Arizona Law Says Five-Day Written Notice Required to Evict Commercial Tenants

A family owns a small strip shopping center in Glendale. Two years ago they verbally entered into a month-to-month lease with a hair salon for $1,500 per month. Although they originally intended to have the tenant sign a written three-year lease agreement, the property owners never did. Until now, tenant always paid the rent on time however they are more than two weeks late this month. The tenant said he will try to get us this month’s rent by the end of this month. The property owner would like to rent the space to another hair salon. Are they allowed to do that? What are the property owner’s rights under Arizona Landlord Tenant Law and how do you evict a tenant?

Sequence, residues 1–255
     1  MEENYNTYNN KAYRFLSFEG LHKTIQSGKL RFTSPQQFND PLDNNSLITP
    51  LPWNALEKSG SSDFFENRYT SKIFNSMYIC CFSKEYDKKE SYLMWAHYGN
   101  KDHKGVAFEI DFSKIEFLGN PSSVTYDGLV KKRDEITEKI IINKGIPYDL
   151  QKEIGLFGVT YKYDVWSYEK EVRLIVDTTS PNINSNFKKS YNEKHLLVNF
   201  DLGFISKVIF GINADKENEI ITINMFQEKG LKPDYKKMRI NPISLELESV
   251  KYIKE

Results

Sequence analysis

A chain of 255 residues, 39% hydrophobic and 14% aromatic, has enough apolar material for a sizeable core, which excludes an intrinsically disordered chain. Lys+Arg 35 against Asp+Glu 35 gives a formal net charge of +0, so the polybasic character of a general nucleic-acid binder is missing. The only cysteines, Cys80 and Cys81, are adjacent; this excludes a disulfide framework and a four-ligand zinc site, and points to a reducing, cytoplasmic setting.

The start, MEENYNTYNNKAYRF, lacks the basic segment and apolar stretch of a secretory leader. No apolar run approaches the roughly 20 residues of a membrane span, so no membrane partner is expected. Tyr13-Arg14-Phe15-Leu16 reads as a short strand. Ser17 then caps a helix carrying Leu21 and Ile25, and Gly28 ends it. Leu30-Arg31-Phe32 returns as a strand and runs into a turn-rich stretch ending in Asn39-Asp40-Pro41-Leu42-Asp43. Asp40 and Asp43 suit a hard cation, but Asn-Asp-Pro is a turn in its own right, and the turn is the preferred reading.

The property owner has two options. After giving five days written notice, they can either file an eviction action in court or they can lock out they tenant. A.R.S. § 33-361. If they choose to lock out the tenant, they must do so at a time when there will not be a breach of peace, generally after working hours when there is no one in the leased space. Unlike residential tenants, commercial tenants like this hair salon have little or no protection under Arizona statutes. The philosophy is that commercial tenants and landlords are “big boys,” and can protect themselves by negotiating a written lease agreement. Most written lease agreements will have a “cure” period, e.g., requiring at least ten days written notice from a landlord before a landlord can lock out the tenant or file an eviction action in court for non-payment of rent.


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